If Michigan Republicans capitulate to special interests and accept the Obamacare Medicaid expansion, they’re likely to make a big deal about a supposed “opt-out” clause in the instrument of surrender, declaring the state can bail at some future time if certain promises and expectations don’t come true.
Don’t bet on it.
Although as many as half the states may ultimately refuse the expansion, this year has seen some high-profile GOP defections, beginning with Ohio Gov. John Kasich in March. Gov. Kasich also used the “we can always escape” line, citing a memo from a Columbus law firm. On March 15 the Wall Street Journal deconstructed the argument, and it’s worth reviewing some what they said:
…These supposed sunset clauses are really a roach motel. Once states check into new Medicaid, the almost certain legal reality is that they can never check out.
The Affordable Care Act mandated that states convert this joint state-federal program into a new, larger and far more expensive project in perpetuity. Democrats did not include any provision or opt-out clause that would let states leave new Medicaid in the future or revert to Medicaid in its old form. Democrats even wrote the bill so that if states failed to join new Medicaid, they would lose every federal Medicaid dollar, including the ones for the old program.
The Supreme Court said this coercion was unconstitutional. But unfortunately for Mr. Kasich and his fellow flippers, Chief Justice John Roberts and six of his colleagues did not stipulate a right to leave Medicaid at any time when they rewrote ObamaCare. They merely ruled that the threat to take away all federal funding if states did not join new Medicaid violated the Constitution's separation of powers.
New Medicaid is "a shift in kind, not merely degree," Chief Justice Roberts wrote. The High Court's precedents say Congress can attach conditions to federal funds, akin to a contract, but Congress cannot use the spending power to force states to sign it. So while Congress can't commandeer the states to do its bidding, it can offer them more or less any bargain it likes and states have the choice to voluntarily accept the terms or not. In the case of new Medicaid, the states can now freely take the contract as originally offered: accede to the new program, the free money and the lack of an opt-out clause.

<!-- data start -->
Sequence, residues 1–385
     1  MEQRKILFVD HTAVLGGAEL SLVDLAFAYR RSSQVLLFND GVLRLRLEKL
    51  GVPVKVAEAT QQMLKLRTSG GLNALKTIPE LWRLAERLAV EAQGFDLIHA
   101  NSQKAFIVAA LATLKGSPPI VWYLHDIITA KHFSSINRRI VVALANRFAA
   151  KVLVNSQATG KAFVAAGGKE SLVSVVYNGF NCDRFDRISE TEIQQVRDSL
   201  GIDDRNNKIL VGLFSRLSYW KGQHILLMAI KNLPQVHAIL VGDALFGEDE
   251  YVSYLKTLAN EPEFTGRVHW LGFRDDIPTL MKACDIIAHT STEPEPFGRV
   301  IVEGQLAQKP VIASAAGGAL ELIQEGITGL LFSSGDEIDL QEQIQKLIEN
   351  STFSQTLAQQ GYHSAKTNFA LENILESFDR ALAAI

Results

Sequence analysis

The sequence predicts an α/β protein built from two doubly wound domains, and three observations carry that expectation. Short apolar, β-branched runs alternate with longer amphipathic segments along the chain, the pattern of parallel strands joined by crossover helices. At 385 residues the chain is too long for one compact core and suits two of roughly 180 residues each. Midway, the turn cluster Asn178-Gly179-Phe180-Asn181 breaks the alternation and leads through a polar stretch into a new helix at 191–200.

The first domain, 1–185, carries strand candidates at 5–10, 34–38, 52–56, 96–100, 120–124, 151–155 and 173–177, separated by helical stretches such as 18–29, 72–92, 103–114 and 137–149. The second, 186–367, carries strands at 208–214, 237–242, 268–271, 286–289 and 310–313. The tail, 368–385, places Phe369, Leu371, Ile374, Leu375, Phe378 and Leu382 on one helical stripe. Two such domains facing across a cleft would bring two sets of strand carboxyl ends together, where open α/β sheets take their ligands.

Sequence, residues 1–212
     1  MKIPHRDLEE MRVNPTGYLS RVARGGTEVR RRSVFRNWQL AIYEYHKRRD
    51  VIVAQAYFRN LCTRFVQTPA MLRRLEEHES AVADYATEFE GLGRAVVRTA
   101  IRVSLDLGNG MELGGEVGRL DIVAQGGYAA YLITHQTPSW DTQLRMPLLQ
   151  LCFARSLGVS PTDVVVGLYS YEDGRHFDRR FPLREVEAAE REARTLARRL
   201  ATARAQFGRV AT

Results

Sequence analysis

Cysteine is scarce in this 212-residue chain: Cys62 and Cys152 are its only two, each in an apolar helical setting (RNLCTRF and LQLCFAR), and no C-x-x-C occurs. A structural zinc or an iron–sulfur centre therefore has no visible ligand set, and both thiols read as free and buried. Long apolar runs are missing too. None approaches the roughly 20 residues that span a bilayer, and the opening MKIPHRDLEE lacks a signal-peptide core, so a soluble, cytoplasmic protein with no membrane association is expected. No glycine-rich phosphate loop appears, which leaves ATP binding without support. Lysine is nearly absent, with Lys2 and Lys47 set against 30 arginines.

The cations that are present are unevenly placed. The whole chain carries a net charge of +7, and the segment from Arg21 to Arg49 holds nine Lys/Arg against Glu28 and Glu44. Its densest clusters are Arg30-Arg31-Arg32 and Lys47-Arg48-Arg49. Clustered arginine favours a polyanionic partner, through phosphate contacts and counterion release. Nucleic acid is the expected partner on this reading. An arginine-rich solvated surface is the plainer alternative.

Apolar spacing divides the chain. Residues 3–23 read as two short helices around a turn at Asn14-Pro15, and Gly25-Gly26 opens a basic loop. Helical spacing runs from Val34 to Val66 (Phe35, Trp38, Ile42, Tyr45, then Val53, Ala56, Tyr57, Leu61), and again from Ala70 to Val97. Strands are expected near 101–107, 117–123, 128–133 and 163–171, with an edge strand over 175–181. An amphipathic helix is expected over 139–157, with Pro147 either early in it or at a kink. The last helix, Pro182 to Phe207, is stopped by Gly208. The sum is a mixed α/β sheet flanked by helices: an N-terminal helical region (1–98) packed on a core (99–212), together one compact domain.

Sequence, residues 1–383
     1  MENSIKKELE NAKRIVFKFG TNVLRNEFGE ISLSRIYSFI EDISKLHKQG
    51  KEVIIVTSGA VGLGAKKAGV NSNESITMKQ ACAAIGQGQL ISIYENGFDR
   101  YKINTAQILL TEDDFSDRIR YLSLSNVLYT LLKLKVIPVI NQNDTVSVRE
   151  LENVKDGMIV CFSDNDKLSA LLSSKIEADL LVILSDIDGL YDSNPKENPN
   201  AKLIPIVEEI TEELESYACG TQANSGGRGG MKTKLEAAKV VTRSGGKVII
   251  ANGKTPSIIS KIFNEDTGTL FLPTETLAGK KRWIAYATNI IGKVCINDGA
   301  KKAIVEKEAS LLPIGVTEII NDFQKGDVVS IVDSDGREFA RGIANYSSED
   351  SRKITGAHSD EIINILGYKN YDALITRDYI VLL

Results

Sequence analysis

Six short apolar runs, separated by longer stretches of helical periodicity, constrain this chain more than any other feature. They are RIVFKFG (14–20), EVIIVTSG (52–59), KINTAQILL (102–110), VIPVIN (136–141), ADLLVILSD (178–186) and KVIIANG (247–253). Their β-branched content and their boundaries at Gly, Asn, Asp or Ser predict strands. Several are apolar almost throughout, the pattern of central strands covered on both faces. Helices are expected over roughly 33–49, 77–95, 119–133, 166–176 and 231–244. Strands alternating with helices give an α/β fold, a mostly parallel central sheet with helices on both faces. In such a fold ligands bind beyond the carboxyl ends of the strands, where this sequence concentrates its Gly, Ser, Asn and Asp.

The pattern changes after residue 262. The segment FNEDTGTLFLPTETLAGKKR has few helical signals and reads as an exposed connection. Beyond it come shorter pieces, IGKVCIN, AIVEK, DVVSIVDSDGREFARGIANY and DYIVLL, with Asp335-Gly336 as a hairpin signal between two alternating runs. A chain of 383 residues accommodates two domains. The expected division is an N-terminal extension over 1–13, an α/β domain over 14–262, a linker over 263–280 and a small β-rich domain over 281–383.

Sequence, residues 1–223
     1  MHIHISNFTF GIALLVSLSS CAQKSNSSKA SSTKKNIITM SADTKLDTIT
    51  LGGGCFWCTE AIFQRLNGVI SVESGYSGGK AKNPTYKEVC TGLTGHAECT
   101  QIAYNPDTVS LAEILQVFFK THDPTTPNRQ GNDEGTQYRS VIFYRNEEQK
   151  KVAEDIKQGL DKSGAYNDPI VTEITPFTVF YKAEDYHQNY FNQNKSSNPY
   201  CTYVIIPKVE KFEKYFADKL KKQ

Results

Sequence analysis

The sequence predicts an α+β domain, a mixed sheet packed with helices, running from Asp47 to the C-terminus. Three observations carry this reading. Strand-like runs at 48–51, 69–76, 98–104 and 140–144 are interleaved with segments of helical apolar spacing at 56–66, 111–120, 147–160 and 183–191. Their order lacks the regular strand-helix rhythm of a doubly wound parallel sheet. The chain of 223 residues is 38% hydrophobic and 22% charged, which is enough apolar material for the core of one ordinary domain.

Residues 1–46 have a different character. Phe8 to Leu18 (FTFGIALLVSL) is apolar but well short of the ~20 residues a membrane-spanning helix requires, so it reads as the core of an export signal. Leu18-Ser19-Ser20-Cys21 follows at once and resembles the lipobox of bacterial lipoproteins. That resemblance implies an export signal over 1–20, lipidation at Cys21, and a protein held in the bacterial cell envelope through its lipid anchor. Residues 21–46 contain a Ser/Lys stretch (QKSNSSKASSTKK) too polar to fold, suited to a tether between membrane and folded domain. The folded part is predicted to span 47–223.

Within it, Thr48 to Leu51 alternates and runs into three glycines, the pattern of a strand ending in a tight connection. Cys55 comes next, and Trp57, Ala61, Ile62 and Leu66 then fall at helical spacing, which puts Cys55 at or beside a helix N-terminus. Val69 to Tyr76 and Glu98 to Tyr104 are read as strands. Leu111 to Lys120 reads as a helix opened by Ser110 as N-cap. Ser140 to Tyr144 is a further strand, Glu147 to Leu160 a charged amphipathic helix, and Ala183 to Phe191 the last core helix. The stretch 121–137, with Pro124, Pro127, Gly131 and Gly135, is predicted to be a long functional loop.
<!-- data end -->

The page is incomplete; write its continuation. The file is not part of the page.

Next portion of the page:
…But there's no evidence in the original law or the Supreme Court opinion that states can join or leave at their own whim. The logic of Justice Roberts's opinion suggests that once states adopt new Medicaid, the program immediately becomes the old program for the purposes of the law and then states can't leave.
…(The memo Kasich relied on) also cites "guidance" from the federal Health and Human Services Department that states "may decide later to drop the coverage." But these informal documents on the HHS website lack the force of law or even of regulation; they aren't part of the Federal Register. In any case, HHS doesn't have such authority. Congress didn't grant the Administration any more statutory leeway than it did the states.
We wouldn't be surprised if HHS is promising flexibility now only to revoke it later as a deliberate bait and switch. That wouldn't be any more deceptive than Mr. Kasich's legal claims. Republicans tempted to sign up for ObamaCare's Medicaid expansion had better think twice because once they do, the likelihood is they're ceding control forever.
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